At the end, I'm a very casual player. I played like 100+ hours when the game came out, then played other games and fell off for a month, then came back when GL dropped, then fell off for a few months and now I'm on my resurgence and am going hard again. I can't expect to be good when I don't play all the time. I'm probably going to take a break when Elden Ring comes out too. I guess I just kinda wish that it was easy. But then again, if it was easy, then it wouldn't be worth doing, and I know that, I just wish it was easy for me lol. My mentality is, I watch all this content and really try and soak it in, but then I get on and lose to the cap shit, which to be fair, I am getting better at punishing (as I said above). But then I almost feel like I'm helping my opponent to no benefit because then they stop doing the cap shit, but their offense is still pretty decent and I feel like I'm on the back foot again.

    Anyways I said a lot, tldr is I'm down bad and my mental is shot. I probably should rethink posting this comment at this point, but I wrote a lot and now I want to keep it. Typically my free time is shared between GGST and Overwatch nowadays, but as a support player who always blames his team (I know it's never their fault, if I was better I'd carry myself out of high gold/low plat), I cannot do that in a fighting game. As Hotashi likes to say "There is more work to be done." I just have to try and have fun along the way right?

  9. ky players only want one thing and its fucking disgusting

  10. your content has been fire lately, keep up the good shit

  11. It's the episode in YuGiOh when each player is endlessly trapping their opponents trap card until one of them literally fucking dies.

  12. i gotta listen to this episode again but iI always had the problem of when i hear people talk it just becomes jumbles of words. I learn best in hands on or visual situations. So i need to see the lesson for it to fully click with me or i have to break the lesson down piece by piece and learn in smaller chunks. That being said, imma study this vid and try and use it to adjust my playstyle

  13. It's so crazy how the main idea is that adapting defensively is the wave, and just today, I had an epiphany mid game that I need to slow down and play more defensively

  14. Adapting quickly is an art in itself. People for example DP on their first wake-up (ignoring risk/reward), are they always gonna do it or are they faking out to be like that to get out of pressure more often for free? The answer lies probably ni how they play in other situations, so I can decide if they're a generally risky player or just trying to fool me, but it's hard in the heat of a match.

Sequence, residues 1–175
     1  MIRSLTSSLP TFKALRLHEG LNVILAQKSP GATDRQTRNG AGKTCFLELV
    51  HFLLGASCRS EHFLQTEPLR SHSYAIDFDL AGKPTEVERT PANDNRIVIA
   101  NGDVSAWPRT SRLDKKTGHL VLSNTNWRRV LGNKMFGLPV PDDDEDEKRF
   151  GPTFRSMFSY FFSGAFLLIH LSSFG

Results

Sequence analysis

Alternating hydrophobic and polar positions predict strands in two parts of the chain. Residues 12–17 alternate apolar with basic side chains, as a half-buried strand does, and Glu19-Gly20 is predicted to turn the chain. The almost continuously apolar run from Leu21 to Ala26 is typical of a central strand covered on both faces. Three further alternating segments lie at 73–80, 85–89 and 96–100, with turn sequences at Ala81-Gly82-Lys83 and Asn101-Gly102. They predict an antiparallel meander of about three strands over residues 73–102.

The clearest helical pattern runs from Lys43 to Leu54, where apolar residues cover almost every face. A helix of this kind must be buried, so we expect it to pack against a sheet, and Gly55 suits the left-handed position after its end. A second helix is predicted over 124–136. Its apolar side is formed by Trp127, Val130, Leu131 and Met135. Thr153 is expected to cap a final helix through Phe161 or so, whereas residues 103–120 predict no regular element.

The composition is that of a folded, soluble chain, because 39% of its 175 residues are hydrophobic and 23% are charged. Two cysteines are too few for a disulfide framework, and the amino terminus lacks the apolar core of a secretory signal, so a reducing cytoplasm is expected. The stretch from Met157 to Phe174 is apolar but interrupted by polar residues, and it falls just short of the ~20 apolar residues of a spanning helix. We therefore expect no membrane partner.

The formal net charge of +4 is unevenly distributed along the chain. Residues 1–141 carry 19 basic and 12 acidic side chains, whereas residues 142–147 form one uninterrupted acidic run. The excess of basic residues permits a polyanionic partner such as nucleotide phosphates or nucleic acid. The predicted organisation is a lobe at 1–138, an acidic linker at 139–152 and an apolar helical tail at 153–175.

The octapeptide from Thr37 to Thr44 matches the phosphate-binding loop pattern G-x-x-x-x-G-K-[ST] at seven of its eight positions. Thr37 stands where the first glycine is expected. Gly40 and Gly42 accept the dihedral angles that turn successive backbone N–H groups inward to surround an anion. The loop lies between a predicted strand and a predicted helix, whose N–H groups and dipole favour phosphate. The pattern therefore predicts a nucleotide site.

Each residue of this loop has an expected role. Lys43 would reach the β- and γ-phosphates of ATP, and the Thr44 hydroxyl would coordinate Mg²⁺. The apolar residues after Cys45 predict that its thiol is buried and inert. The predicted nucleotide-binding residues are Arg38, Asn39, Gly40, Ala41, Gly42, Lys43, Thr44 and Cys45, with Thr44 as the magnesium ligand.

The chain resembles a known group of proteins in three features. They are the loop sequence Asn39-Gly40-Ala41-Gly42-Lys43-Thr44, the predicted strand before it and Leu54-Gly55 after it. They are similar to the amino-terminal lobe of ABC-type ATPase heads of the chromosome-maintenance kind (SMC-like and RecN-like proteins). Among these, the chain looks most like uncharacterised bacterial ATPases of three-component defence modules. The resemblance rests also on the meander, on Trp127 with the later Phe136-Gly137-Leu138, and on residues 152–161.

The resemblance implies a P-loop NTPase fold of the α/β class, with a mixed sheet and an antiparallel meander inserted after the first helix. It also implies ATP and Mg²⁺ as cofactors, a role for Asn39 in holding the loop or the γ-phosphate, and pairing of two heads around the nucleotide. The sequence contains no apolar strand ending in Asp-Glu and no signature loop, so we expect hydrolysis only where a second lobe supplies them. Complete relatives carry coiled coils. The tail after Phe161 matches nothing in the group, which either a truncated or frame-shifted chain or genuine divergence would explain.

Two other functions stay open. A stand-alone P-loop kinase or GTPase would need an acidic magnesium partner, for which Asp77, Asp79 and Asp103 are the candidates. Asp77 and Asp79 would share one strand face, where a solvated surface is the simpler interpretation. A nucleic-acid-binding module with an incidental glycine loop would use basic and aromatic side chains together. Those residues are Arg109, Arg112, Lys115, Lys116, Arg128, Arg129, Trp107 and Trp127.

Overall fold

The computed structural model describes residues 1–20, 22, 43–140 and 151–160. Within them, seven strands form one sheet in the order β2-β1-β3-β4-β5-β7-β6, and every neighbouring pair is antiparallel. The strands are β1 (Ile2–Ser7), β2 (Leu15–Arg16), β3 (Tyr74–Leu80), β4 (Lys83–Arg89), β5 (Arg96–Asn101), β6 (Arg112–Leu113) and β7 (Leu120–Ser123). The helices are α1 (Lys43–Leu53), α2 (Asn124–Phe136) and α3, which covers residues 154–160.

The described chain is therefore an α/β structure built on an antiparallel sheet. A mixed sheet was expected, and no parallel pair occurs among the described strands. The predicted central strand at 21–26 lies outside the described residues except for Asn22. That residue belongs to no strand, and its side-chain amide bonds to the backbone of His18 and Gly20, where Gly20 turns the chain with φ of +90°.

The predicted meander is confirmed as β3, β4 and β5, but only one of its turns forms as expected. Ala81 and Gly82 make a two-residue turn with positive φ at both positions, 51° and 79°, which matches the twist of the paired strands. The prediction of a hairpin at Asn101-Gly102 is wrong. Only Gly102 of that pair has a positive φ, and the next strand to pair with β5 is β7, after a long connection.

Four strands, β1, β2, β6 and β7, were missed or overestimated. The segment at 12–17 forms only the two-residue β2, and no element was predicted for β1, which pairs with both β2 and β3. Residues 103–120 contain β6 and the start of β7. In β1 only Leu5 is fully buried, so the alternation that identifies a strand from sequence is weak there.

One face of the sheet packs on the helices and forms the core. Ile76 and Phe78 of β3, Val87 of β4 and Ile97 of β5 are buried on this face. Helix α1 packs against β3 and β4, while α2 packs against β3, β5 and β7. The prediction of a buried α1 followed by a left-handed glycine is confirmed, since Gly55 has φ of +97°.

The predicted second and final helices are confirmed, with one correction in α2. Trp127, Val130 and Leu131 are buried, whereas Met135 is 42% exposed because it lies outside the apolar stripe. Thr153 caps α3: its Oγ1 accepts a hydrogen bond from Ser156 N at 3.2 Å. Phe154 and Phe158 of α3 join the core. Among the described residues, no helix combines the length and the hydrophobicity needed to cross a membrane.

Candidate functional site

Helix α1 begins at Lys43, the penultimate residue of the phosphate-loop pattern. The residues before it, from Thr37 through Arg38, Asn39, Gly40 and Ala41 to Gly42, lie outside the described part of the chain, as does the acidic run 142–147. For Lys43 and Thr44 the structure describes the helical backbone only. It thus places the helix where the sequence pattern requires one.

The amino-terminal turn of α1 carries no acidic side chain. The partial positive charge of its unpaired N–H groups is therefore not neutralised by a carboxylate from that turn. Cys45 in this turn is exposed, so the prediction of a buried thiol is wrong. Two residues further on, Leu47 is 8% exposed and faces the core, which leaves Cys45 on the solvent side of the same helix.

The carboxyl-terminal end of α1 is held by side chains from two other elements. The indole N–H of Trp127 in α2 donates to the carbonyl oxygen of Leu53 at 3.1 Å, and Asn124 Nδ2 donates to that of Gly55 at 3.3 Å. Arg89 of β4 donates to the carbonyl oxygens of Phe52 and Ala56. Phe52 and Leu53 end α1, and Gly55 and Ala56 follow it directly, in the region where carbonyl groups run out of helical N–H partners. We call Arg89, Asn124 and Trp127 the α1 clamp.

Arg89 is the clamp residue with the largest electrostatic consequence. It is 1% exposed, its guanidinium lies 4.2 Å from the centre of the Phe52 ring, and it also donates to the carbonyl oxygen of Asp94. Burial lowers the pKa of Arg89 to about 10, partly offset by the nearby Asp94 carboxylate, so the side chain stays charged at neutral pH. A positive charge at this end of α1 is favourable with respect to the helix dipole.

15. Really good information that can apply to most (if not all fighting games) I just wish I could apply these concepts when I actually play fighting games. Haven't played strive yet but I hope to do so sometime soon. My problem is that I tend to forget these things when I'm in an actual match, Guilty Gear or otherwise.

  16. Professor Romolla is one of the best things to come to the FGC

  17. I know the fighting game community is small but I hope you blow up soon.

  18. Understanding the concept of learning by doing nothing definitely makes a huge difference in improving as a player.

    I recently started playing BBCF online a few weeks ago. Although beforehand I had done all the game and character tutorials, did some combo challenges, etc., I of course knew it wouldn't keep me from getting rolled once I went online. I'd get counter-hit almost all the time because I was just throwing out buttons. It's an extremly aggressive game after all. But once I started to play more defensively and just block or wait to see what my opponent does, that's when I started to feel like I was improving. The handful of matches I've won in BBCF so far were due to me being patient, which coaxed opponents into approaching more aggressively and more likely to choose risky options I could punish.

  19. Forget the clock for a second, Michael. What kind of player am I? Am I an offensive man or a defensive man? That's right; I'm neither. I play my opponent. If he likes to attack, I force him to defend himself.If hes a cautious man, I draw him into dangerous waters. See, you get so frustrated playing defensive positions…you make stupid moves you'd never make if you were thinkin'. When you come here, boy, check that sh*t at the door. – Samuel L. Jackson in 1994's Fresh